Off to Oz: the starting point of the plan

I’ve done a very quick skim through my archive just to make sure this doesn’t make me seem entirely senile. In the absence of blog worthy activity in my life (the Oz prep goes well) and with only 3 days left I figured I’d post something about how this all started. Apologies now as it may cover familiar ground.

The first time the idea entered my mind goes back 2 years to Florida. I spent a couple of weeks in Clearwater for the first Ironman 70.3 World Championship. Incidentally, it’s not a race I’d recommend unless you like an over-crowded course. Despite a less than satisfactory race, a couple of weeks in warm weather with nothing on my mind but triathlon and the idea of more of that appealed. Florida itself didn’t really appeal, something about the ageing beach resort reminded me of J G Ballard Science Fiction. Apart from that where do so many triathletes go to train… Australia!

Version 1 of the plan was formed early last year and then executed at the end of the year. It took the form of a 6 week trip to Oz, enough time to dedicate to training and see what the place was like. At the same time not such a massive commitment as actually going full-time. It didn’t start out as a taster for the athlete lifestyle, but by the time the trip came it had pretty much become that. Circumstances had made it possible for me to consider leaving my job and giving up my income for a time. At that point though I wasn’t entirely sure that was a wise move, but with practical issues removed the possibility was in my mind.

To be honest it didn’t take long for version 2 of the plan to form. I came home from Oz largely decided I needed to go back there for much longer. As a training environment it was perfect for me, the facilities, the climate and the people made it so easy. Apart from wanting to go back, I was also sure if I really wanted to race to my best I needed to commit more time and push harder than I had before. Combine the ideas together and you end up with leaving work, training full-time and going to the other side of the world to do this.

Come January this year it was largely decided. The exact dates aren’t quite fixed, but the basic plan was. It was pretty simple – leave job, travel to Australia, stay on the Gold Coast, train a lot, race a lot and eventually come home. From that point onwards my training focussed on two things, my next Ironman and the idea of getting myself ready for full-time training. As I see this it’s the ability to sustain consistent high volume training. The exact level is individual, but to my mind I needed to be able to sustain 20 hours or more whilst working if I was going to be able to do enough full-time. So extra workouts started to sneak into my training plan.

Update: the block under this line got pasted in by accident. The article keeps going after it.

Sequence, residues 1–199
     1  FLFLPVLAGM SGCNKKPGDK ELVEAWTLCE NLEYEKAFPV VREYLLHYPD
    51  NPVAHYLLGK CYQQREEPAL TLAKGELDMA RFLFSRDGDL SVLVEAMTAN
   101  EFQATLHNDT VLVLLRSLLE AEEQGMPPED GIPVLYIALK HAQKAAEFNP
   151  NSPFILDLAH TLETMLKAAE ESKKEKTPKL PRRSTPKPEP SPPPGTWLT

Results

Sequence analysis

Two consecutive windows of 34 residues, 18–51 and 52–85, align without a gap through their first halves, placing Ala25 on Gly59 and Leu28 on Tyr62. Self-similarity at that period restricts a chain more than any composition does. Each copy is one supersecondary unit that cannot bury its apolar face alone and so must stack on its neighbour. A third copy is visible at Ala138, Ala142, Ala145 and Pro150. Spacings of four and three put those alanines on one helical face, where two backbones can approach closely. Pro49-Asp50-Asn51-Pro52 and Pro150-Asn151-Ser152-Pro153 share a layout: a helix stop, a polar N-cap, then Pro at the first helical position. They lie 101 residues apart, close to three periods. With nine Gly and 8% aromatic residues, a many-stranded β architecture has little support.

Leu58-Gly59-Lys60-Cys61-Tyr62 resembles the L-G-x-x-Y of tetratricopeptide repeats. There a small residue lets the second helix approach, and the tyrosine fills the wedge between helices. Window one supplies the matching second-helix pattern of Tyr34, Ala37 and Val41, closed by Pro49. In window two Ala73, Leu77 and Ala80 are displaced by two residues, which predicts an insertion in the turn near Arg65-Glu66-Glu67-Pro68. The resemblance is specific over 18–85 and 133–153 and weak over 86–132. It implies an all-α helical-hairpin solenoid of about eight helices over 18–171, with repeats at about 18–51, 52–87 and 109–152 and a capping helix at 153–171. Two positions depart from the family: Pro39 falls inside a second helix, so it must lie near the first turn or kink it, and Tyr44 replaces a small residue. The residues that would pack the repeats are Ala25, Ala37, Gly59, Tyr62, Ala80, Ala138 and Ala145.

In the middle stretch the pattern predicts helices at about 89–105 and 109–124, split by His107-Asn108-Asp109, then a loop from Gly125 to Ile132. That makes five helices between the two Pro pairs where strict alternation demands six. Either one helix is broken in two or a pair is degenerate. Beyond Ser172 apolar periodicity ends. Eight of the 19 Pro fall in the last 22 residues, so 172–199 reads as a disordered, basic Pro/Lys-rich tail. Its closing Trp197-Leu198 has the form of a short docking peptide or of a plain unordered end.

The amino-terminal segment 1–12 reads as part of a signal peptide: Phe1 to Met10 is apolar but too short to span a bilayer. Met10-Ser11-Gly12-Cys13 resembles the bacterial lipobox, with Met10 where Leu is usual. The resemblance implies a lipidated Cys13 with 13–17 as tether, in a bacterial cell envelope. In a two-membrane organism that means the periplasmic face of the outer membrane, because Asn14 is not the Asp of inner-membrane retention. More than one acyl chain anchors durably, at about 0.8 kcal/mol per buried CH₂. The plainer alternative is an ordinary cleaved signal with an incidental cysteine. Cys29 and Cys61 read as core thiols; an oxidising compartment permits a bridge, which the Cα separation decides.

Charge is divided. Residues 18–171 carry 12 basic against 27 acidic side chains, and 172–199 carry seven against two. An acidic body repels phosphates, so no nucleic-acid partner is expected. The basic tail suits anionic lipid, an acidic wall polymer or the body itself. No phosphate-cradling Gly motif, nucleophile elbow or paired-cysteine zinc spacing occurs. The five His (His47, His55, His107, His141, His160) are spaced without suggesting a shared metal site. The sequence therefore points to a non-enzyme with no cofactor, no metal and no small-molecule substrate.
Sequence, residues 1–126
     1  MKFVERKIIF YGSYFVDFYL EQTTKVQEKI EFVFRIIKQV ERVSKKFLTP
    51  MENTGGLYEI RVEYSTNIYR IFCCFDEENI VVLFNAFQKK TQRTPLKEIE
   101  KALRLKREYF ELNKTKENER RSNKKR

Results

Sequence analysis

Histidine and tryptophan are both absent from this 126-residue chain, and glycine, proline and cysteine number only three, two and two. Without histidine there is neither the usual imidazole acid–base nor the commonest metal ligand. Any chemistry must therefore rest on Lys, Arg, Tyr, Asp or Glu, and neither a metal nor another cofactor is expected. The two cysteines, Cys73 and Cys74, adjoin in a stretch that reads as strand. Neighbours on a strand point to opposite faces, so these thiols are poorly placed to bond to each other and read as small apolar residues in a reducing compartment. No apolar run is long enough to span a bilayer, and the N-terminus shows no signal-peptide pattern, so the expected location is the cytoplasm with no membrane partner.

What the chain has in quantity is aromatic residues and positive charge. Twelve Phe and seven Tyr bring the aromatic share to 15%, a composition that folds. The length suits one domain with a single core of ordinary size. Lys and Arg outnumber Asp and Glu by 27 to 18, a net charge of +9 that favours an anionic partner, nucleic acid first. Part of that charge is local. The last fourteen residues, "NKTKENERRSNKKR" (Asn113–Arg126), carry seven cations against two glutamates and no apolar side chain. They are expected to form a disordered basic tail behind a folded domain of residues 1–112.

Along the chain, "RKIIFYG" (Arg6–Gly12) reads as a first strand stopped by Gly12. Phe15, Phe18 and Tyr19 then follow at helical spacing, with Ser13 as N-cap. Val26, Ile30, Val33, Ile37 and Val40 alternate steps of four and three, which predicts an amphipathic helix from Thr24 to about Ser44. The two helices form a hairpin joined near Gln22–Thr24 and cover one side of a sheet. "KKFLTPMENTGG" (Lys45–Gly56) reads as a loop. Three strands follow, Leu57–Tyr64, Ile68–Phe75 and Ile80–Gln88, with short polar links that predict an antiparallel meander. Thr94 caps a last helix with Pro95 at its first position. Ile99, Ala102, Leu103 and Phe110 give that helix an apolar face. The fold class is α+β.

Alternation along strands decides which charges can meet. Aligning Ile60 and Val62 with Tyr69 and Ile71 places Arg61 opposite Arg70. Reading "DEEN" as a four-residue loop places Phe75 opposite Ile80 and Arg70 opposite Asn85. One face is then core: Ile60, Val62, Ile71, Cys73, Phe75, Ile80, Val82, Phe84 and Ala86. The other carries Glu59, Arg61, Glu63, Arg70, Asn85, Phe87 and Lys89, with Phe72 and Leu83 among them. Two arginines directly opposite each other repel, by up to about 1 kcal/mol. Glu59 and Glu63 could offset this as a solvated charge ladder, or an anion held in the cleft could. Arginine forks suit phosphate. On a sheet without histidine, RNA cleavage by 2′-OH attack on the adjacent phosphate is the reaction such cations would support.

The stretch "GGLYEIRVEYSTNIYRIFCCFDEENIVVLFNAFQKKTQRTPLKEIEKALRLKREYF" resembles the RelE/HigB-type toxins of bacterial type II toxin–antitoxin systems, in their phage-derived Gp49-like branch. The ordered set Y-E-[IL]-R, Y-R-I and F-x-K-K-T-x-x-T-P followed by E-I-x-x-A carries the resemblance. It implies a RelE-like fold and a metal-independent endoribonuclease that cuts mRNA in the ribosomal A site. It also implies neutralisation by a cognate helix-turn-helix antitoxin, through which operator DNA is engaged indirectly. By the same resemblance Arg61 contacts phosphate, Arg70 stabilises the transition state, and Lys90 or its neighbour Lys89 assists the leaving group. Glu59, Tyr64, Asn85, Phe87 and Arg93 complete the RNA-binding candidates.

The final significant step was handing in my notice, which I did excessively early by most standards. It made sense though, I couldn’t put the focus into training and work. Once my plans to leave were known the direction of my work changed and it was easier to sustain the training I wanted. From that point on I was committed and all that was left were the details and getting on with the training.

I’ve commented before how a lot of people are envious of what I’m doing. For anyone obsessed with training the opportunity to put aside all the routine parts of life and just do that is the dream. Whilst doing it is quite a committed step, I admit for me it is only possible because the financial barrier is removed. If that wasn’t the case, as much as I might want to be I’m not sure I’d be where I am now. I’ve a lot of respect for those who take the risk with far less security, that’s real commitment. I’m a risk averse person and it took a long time to become convinced that the benefits would outweigh the costs.

Ultimately this trip is the culmination of almost 2 years of decision making! I knew it was something I’d like to do right from the start, but convincing myself the returns would warrant the costs was another matter. I may have the means to be financially independent during my time away, but this was a choice to use an inheritance for quite nebulous returns over increasing stability in my life. I have gone from a fairly clear future to one where I can’t say what I’ll be doing in 18 months time (I’ll have more on that one tomorrow).

To finish on a positive note, I made the choice because I am convinced that the personal returns warrant the commitment. I’ve no idea what the returns will actually be, though I hope at least to reach a level of fitness I’ve never achieved before. I’ve read a lot over the last couple of years that leaves me with the view that you have to take these risks if you want the opportunity for significant gains. You can’t sit and wait for these things to happen and if the opportunity is there you should take it. Whenever I doubted the wisdom of my plan I would remind myself that a year as an athlete in Oz will likely make for better stories in my old age than another year in an office.